Alex Berenson, a former New York Times reporter and prominent critic of the United States's response to the pandemic, is going after Twitter for his suspendion.
Berenson, who rose to prominence early in the pandemic for questioning the U.S. response and has been skeptical of the effectiveness of vaccines, claimed in a lawsuit filed in the Northern District of California that his First Amendment rights were violated by the social media giant.
"Mr. Berenson also has a uniquely viable claim that Twitter acted on behalf of the federal government in censoring and barring him from to its platform," the lawsuit said.
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Berenson's lawsuit also alleged that Twitters's suspension of him violated California common carrier law and a breach of contract. The breach occurred due to Berenson claiming that a Twitter executive told him that he could post his controversial views on the platform.
Berenson said comments made by President Joe Biden in July 2021 about social media companies "killing people" by not censoring COVID-19 misinformation directly led to the first suspension of his Twitter account, with other government officials directing the company to censor him. Since Twitter carried out the government's orders, the complaint said, it helped violate rights guaranteed by the Constitution.
"Despite the controversy around his statements, a senior Twitter executive repeatedly assured Mr. Berenson that the company backed his right to free expression and that he would continue to enjoy access to the platform," Berenson's lawyers said.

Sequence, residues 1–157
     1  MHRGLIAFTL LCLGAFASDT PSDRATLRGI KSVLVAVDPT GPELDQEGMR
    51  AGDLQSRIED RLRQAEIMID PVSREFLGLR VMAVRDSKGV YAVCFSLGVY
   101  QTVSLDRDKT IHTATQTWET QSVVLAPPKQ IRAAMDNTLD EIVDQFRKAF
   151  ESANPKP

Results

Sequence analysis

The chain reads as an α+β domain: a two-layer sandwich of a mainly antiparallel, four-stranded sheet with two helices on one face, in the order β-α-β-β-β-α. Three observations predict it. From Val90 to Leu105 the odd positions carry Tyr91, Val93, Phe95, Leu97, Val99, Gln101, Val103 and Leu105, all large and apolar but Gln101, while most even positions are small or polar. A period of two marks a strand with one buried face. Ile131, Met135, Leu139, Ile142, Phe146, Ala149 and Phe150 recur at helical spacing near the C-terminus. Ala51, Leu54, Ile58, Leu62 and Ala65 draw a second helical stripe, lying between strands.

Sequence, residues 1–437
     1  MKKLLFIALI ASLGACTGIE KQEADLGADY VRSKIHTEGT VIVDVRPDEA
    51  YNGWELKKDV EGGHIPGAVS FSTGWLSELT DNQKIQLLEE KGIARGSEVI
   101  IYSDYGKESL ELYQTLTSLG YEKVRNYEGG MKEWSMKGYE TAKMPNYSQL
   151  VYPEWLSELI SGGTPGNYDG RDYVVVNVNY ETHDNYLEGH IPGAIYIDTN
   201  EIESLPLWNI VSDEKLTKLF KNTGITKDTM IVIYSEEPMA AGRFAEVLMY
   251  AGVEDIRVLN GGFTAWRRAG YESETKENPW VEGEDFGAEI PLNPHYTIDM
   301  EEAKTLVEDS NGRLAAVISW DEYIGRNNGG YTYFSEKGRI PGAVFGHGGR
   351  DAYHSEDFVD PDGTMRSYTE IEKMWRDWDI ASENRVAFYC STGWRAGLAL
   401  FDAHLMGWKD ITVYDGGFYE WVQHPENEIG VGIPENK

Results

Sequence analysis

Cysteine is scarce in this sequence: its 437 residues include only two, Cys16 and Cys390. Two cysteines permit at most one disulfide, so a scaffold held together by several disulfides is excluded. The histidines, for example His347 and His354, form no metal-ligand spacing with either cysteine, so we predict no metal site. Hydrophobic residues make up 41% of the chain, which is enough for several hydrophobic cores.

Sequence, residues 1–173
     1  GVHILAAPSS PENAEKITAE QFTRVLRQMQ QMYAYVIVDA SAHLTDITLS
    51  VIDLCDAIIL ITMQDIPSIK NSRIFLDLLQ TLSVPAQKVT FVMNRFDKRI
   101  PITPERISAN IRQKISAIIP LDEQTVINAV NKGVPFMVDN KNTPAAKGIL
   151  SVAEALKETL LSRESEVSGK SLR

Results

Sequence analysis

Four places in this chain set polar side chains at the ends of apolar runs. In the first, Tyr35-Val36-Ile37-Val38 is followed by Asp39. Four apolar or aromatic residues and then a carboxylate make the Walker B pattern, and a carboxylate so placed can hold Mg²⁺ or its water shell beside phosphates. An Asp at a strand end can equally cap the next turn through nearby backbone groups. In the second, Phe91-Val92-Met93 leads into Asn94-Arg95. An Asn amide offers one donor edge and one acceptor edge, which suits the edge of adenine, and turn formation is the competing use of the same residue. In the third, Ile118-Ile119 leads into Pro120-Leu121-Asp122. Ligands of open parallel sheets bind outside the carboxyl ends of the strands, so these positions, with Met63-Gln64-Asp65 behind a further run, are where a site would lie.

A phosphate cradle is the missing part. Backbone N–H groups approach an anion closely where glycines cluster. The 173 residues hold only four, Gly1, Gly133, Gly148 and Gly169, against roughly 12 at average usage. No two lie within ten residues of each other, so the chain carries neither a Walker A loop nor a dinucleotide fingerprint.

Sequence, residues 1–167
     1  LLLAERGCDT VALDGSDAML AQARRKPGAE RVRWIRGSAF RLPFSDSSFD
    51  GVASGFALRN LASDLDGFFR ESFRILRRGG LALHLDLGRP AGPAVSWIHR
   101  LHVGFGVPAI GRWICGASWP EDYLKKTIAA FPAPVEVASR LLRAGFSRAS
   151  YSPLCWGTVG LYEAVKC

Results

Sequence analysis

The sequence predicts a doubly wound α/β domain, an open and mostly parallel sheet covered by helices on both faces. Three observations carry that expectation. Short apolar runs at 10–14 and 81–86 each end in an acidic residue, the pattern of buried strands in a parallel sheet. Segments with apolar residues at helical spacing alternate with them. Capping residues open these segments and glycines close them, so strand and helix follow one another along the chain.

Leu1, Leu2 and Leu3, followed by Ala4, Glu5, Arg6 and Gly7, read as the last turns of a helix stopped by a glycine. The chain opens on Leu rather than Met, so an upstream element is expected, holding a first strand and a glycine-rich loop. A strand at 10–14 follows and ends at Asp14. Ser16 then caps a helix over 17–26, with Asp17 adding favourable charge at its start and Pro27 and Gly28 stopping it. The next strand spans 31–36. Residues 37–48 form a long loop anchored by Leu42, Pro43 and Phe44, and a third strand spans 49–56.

Berenson's lawyers also attempted to differentiate his lawsuit from other lawsuits against Twitter by citing a California law from 1872 that regulated common carriers as any company that "offers to the public to carry persons, property or messages."
"Courts have repeatedly applied the 1872 law to telephone companies and other technologies that did not exist at the time it was enacted," Berenson's lawyers argued, claiming that it applies to Twitter because "carrying messages for the public is, of course, the very core of Twitter's business." The lawyers specifically argued that this common carrier law would allow Berenson to mitigate Section 230, which is regularly invoked to protect social media companies from lawsuits over suspensions or censorship.
Berenson is seeking an injunction against Twitter that would force it to reinstate his account and award him damages.
Berenson was suspended from Twitter in July 2021 over a tweet saying that vaccines don't stop the transmission of infection.
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Medical officials and journalists have criticized Berenson for making false or misleading statements about COVID-19 throughout the pandemic. One Atlantic article labeled Berenson the "Pandemic's Wrongest Man."
Conservatives have regularly attempted to sue Twitter over its decision to ban accounts on Twitter, including former President Donald Trump and James O'Keefe of Project Veritas. These lawsuits often struggle in part because of protection provided by Section 230 in the Communications Decency Act.